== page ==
Trans women struggle to survive in El Salvador city

By : Michael K. Lavers OF THE WASHINGTON BLADE, COURTESY OF THE NATIONAL LGBT MEDIA ASSOCIATION
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ABOVE: Three transgender women were killed in San Luis Talpa, El Salvador, in February 2017. Gang-related violence has made the small city one of the most dangerous parts of the Central American country. Washington Blade photo by Michael K. Lavers

SAN SALVADOR, El Salvador — Andrea, a transgender woman who lives in San Luis Talpa, a small city that is near El Salvador’s main international airport, was walking to her mother’s home on Aug. 29 when a man stopped his motorbike and began to yell at her.

Andrea was talking with her friend on her cell phone when the man confronted her. Three cars stopped on the highway on which she was walking a few minutes later and men with guns stepped out.

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Social conservatives thank Trump at White House for anti-LGBT policy

By : Chris Johnson OF THE WASHINGTON BLADE, COURTESY OF THE NATIONAL LGBT MEDIA ASSOCIATION
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ABOVE: Social conservatives like James Dobson thanked President Trump at the White House for his anti-LGBT policy. Washington Blade photo by Chris Johnson

A host of anti-LGBT leaders met with the President Trump on Monday afternoon to thank him for keeping his promises from Election 2016, including his administration’s actions against LGBT people.

The meeting at the White House was timed with Trump recognizing Jerusalem as the capital of Israel — a move long sought by social conservatives that many leaders in the international community have warned is dangerous.

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Supreme Court won’t hear case seeking Title VII protection for gays

By : Chris Johnson OF THE WASHINGTON BLADE, COURTESY OF THE NATIONAL LGBT MEDIA ASSOCIATION
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The U.S. Supreme Court on Monday announced it won’t hear a case seeking protecting for lesbian, gay and bisexual workers under existing civil rights law barring sex discrimination.

The court announced it denied a writ of certiorari in Evans v. Georgia Regional Hospital as part of an order list Monday reflecting decisions made justices at a conference last week Friday. It takes a vote of four justices to agree to take up a case, although the vote isn’t made public.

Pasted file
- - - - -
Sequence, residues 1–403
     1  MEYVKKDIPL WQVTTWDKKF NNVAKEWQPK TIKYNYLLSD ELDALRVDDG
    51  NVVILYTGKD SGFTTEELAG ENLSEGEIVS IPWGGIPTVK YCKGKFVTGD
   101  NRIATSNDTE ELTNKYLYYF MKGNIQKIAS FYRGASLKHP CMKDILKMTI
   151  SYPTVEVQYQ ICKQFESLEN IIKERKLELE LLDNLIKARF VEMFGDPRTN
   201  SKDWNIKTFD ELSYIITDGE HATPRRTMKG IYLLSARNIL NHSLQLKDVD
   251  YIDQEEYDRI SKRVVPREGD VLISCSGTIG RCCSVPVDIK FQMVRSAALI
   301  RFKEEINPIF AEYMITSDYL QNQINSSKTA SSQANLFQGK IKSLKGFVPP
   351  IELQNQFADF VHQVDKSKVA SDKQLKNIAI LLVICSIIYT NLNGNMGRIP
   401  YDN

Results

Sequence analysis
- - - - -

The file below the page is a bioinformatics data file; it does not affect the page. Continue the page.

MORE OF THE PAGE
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Opponents in LGBT case agree: It’s not about wedding cake

By : wire report
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In a legal case with profound implications for LGBT rights and religion’s place in public life, the opposing sides agree on this: It’s not about the cake.

At its core, the case that goes before the U.S. Supreme Court for oral arguments on Dec. 5 is a showdown between a gay couple from Colorado and a Denver-area baker who in 2012 cited his Christian faith in refusing to make a cake for their wedding celebration.

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Anti-LGBTQ Senate candidate Roy Moore accused of sexual contact with a 14-year-old

By : Wire Report
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WASHINGTON (AP) — A month before Alabama’s special election, Republican Senate candidate Roy Moore abruptly faced lurid allegations Thursday of sexual misconduct with minors decades ago — and an immediate backlash from party leaders who demanded he get out of the race if the accusations prove true.

The instant fallout followed a Washington Post report in which an Alabama woman said Moore, then a 32-year-old assistant district attorney, had sexual contact with her when she was 14. Three other women interviewed by the Post said Moore, now 70, approached them when they were between the ages of 16 and 18 and he was in his early 30s. All four women spoke on the record to the Post.

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DOJ seeks time to argue for anti-gay baker in Supreme Court case

By : Chris Johnson of the Washington Blade, courtesy of the National LGBT Media Association
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The U.S. Justice Department under U.S. Attorney General Jeff Sessions is seeking a time slot of 10 minutes before the U.S. Supreme Court to argue on behalf of a Colorado baker who wishes to refuse the sale of make wedding cakes for same-sex couples.

U.S. Solicitor General Noel Francisco filed the two-page request Wednesday before the Supreme Court in the case of Masterpiece Cakeshop v. Colorado Civil Rights Commission.